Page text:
She may not be allowed to drive a truck without an adult present, but at 15-year-old, Avery Foegelle will be backing in the box to compete for her share of $750,000 under Vegas lights.
The Durango, Texas, native has punched her ticket to the Women’s Rodeo World Championship (WRWC) thanks to a Fast-Track heading qualification at the X-Treme Team Roping Finals in Hamilton, Texas, on Aug. 24.
Foegelle and Jessy Remsburg roped together for the first time at the X-Treme Team Roping Finals, but to any onlookers, they looked like veterans. The pair ended up third in the first round with an 8.93-second run, worth $450. An 8.99-second run in the second round landed the ladies high call back in the short go, where they defended their average position with a smooth run.
“I got very lucky with the runs that I had,” Foegelle said. “I just roped normally, and Jessy cleaned it all up for me.”
Their time of 26.56 seconds on three head in the average was good enough for $2,600 and a punched ticket to the WRWC.
Foegelle doesn’t remember feeling pressure throughout the event. She simply relaxed and took care of business—a trait that makes her one to watch on Oct. 26–29, when the second annual WRWC will be held at the South Point Arena, with the final round being broadcast on NBC, Sunday, Oct. 31.
The high-school student competed aboard Guys Smashingly Yours—a 13-year-old gelding called Murphy that the family purchased for her father.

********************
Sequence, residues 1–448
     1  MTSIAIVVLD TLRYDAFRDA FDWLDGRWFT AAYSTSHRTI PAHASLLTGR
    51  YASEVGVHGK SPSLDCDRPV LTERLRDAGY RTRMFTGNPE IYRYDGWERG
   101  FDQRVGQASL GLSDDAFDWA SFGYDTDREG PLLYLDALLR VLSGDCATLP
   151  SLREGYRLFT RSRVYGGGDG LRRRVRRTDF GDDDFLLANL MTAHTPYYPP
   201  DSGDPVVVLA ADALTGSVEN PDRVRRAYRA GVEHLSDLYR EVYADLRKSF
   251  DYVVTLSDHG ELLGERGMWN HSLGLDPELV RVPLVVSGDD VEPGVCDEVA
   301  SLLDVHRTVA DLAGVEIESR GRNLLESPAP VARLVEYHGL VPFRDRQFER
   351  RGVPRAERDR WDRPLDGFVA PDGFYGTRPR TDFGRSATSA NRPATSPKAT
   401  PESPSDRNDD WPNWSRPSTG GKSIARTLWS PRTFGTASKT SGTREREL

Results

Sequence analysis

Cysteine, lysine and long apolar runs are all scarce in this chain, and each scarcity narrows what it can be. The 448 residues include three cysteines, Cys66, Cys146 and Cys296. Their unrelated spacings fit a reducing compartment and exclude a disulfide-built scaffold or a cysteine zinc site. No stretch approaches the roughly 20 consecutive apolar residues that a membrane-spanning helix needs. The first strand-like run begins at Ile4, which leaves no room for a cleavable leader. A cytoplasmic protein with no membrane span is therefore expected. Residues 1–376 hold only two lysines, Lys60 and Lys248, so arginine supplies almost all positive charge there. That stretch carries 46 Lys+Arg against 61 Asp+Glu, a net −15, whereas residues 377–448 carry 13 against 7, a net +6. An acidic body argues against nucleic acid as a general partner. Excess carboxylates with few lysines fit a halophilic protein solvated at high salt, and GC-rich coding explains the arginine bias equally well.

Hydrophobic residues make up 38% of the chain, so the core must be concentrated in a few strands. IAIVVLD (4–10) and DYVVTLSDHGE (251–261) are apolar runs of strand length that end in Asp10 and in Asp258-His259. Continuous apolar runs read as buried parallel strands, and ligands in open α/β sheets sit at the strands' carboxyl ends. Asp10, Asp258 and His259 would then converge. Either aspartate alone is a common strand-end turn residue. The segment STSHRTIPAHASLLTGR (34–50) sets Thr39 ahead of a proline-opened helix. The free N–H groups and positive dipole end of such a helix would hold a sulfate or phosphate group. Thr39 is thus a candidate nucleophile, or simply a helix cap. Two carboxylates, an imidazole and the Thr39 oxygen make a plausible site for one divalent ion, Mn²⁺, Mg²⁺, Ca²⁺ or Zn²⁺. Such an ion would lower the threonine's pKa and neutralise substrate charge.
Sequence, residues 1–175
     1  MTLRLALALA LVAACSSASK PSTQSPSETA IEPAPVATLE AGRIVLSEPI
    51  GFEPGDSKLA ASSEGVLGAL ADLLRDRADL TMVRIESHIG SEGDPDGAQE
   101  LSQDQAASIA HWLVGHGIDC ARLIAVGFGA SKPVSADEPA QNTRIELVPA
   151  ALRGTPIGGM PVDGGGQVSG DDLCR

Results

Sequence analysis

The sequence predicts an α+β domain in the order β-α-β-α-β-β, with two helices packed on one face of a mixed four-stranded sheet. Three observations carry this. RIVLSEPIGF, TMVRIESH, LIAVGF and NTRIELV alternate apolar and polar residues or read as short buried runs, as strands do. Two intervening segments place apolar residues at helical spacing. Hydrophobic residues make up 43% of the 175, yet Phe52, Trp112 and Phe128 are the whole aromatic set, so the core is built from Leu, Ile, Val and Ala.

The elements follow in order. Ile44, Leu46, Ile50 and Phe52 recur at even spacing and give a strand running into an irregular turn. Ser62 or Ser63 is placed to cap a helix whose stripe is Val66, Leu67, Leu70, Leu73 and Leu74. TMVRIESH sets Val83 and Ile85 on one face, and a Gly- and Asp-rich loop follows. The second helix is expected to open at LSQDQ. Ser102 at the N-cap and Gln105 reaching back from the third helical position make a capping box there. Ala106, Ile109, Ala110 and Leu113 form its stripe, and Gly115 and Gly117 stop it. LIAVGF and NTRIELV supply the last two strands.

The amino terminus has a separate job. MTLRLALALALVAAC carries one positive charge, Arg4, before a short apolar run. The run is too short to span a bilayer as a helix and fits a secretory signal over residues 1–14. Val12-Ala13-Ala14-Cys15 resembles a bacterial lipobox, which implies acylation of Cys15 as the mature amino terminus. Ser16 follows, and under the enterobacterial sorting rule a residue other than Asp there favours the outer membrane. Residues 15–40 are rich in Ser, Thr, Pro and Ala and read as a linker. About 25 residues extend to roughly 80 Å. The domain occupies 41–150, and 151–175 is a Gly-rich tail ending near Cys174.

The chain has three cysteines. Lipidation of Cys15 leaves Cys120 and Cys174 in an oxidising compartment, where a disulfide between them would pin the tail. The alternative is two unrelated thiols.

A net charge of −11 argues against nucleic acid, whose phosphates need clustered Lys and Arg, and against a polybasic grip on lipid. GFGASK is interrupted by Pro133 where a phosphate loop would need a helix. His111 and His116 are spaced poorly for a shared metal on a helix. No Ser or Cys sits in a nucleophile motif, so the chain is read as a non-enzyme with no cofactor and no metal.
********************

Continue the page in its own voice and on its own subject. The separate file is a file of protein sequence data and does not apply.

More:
“We got Murphy a few years ago,” Foegelle said. “When my old head horse got hurt, my dad let me try him. I was actually scared of Murphy at first, but we bonded, and I’ve loved him ever since.”
The young header has looked up to and learned from pros like Kelsie Chase and Jackie Crawford, but now she is looking forward to traveling the path that women like them have blazed for the next generation of team ropers, and she feels grateful to the WCRA for making dreams come true for young women like her in the sport.
“There’s a lot of money involved. They’ve made it such a good association for everybody, especially for young kids being able to go out there and do big things.”
With a background in high school rodeo and competing in junior events, Foegelle is looking to the future now that she has proved she can hold her own in the open ranks. She has dreams of excelling in the rodeo arena, but is also laser focused in the classroom and her aspirations to become a veterinarian someday.
“I’m excited for school and college. I’m hoping when I grow up, I can do big things.”
With the clock ticking down on the time that is left to nominate for the WRWC, Foegelle is now looking to secure leaderboard spots in both team roping and breakaway roping before she packs up and, with the help of a fully licensed adult, makes the drive to Las Vegas on Oct. 26.
Ropers looking to clinch a spot and compete for a share of the guaranteed $750,000 payout at the WRWC need not panic—you have until Oct. 3 to virtually nominate and earn points.